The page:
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Limit of an Integral

  1. Aug 23, 2009 #1
    1. The problem statement, all variables and given/known data
    Consider the function f: R -> R, [tex]f(x) = (x^2 + 1)e^x .[/tex] Find the limit [tex]\mathop {\lim }\limits_{n\rightarrow\infty}n\int_{0}^{1}\left(f\left(\frac{x^2}{n}\right) - 1\right).[/tex]


    2. Relevant equations
    e^x > x + 1 for nonzero real x

    3. The attempt at a solution
    After a bit of algebra, we find that the original limit is
    [tex]\mathop {\lim }\limits_{n\rightarrow\infty}\frac{1}{n}\int_{0}^{1}e^{\frac{x^2}{n}}x^4\,dx + \mathop {\lim }\limits_{n\rightarrow\infty}n\int_{0}^{1}\left(e^{\frac{x^2}{n}}-1\right)\,dx.[/tex]

    In the first limit, the integrand is increasing on [0,1], so we have
    [tex]0 \leq \frac{1}{n}\int_{0}^{1}e^{\frac{x^2}{n}}x^4\,dx \leq \frac{e}{n},[/tex]
    which implies that the first limit is 0 by the squeeze theorem.

    I'm not sure how to compute the second limit though. I can find a lower bound on the integrand via e^x > x + 1, but what is a suitable upper bound on the integrand? Thanks in advance.
     
  2. jcsd
  3. Aug 23, 2009 #2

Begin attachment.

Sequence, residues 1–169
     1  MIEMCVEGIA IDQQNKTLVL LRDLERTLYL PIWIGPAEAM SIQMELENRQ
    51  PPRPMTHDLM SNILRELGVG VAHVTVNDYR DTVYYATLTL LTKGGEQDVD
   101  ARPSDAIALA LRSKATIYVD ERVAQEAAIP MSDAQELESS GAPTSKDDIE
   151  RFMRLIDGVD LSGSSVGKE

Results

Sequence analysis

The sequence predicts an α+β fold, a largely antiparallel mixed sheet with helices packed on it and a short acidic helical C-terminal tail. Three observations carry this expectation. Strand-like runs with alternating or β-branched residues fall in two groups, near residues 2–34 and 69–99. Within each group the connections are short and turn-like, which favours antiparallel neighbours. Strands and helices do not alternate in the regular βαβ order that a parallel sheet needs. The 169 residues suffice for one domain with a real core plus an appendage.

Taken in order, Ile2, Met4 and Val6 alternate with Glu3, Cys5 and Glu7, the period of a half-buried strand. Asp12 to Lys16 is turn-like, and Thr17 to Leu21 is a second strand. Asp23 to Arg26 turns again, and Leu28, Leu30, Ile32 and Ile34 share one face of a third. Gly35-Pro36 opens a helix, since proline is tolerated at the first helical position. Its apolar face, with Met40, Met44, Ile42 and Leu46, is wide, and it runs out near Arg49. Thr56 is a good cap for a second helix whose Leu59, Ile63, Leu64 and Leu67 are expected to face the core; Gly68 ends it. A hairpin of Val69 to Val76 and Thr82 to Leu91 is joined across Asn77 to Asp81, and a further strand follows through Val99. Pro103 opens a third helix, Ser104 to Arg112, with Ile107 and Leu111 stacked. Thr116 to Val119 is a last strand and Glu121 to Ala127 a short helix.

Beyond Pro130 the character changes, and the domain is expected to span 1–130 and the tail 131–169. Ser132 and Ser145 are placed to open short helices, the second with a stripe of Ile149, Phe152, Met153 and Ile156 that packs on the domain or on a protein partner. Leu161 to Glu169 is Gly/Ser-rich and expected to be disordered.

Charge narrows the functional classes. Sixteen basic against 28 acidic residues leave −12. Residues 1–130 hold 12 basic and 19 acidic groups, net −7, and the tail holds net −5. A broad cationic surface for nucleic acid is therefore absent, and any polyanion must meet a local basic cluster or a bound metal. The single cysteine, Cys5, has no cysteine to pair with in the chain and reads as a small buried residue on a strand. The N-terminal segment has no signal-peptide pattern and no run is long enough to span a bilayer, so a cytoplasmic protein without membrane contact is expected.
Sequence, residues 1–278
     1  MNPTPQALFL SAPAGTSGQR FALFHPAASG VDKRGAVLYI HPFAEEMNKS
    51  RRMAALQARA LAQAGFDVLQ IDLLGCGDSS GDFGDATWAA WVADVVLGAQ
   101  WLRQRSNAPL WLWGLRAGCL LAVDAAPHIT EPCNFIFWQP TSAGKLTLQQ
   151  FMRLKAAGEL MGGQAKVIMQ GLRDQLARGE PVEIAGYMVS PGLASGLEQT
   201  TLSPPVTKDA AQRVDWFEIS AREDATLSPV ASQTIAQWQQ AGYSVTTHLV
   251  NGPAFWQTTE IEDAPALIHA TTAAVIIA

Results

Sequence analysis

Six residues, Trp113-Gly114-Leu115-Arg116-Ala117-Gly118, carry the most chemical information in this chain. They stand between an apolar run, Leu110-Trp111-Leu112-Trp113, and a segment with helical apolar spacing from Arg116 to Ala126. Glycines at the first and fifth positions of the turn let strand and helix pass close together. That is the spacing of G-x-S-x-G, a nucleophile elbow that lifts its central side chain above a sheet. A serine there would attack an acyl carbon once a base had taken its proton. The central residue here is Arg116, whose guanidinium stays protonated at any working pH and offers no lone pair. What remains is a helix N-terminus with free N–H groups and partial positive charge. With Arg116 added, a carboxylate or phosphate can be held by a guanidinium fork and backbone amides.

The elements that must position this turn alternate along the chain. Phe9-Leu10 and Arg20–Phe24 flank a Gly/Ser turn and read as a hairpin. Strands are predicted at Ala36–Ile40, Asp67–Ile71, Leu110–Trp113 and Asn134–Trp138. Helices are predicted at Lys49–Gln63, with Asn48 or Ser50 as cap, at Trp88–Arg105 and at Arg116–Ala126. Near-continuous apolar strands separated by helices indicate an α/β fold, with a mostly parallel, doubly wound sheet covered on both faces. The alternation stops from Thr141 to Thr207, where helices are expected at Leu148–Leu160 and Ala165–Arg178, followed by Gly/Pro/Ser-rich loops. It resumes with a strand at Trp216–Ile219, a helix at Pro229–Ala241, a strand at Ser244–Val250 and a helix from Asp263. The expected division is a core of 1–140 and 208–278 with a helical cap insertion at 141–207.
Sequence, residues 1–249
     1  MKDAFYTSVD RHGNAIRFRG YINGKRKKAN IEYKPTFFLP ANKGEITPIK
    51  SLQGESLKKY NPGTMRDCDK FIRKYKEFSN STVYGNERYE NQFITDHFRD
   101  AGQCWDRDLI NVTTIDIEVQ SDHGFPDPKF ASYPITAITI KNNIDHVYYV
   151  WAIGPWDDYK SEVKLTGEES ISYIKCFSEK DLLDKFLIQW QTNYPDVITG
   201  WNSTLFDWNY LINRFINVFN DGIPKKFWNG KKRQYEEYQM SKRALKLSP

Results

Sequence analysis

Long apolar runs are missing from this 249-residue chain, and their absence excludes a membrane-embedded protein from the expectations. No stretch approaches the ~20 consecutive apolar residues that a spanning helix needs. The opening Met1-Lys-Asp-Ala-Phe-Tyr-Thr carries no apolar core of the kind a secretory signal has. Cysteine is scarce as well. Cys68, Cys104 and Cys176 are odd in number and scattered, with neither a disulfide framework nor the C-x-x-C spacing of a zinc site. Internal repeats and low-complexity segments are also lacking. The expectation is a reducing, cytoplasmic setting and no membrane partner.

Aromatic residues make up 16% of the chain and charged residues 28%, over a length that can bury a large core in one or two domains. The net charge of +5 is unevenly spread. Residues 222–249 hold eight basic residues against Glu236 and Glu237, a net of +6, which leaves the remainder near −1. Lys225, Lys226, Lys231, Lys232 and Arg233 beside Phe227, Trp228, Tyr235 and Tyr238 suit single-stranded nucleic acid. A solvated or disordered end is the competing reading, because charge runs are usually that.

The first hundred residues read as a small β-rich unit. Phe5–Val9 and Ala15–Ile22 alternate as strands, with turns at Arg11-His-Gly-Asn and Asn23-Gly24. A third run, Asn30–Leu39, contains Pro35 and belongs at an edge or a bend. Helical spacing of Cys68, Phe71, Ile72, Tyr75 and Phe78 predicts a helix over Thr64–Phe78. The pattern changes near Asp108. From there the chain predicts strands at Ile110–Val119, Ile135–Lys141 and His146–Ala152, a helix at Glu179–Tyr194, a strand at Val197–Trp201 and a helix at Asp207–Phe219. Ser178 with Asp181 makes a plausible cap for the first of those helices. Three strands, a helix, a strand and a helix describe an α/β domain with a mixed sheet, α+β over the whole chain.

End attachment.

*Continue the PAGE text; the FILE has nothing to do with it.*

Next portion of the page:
tiny-tim

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    Hi snipez90! :smile:

    Have you tried expanding ex2/n - 1 as a function of x2/n ?
     
  4. Aug 23, 2009 #3
    ...

    [tex] \frac{x^2}{n} \leq e^{\frac{x^2}{n}} - 1 &=& \frac{x^2}{n} + \frac{x^4}{n^2}\cdot\frac{1}{2!} + \frac{x^6}{n^3}\cdot\frac{1}{3!} + ... \\
    &=& \frac{x^2}{n} + \frac{x^4}{n^2}\left(\frac{1}{2} + \frac{x^2}{n}\cdot\frac{1}{3!} + \frac{x^4}{n^2}\cdot\frac{1}{4!} + ... \right) \\
    &\leq& \frac{x^2}{n} + \frac{x^4}{n^2}\left(\frac{1}{2!} + \frac{1}{3!} + \frac{1}{4!} + ...\right) \leq \frac{x^2}{n} + e\cdot\frac{x^4}{n^2} [/tex]

    for x in [0,1]. Hence

    [tex]\frac{1}{3} \leq n\int_{0}^{1} e^{\frac{x^2}{n}}\,dx \leq \frac{1}{3} + \frac{e}{5n},[/tex]

    from which it follows that the limit is 1/3 as n -> infinity by another application of the squeeze theorem, which should be the answer to the original limit.

    Thanks tiny-tim.
     
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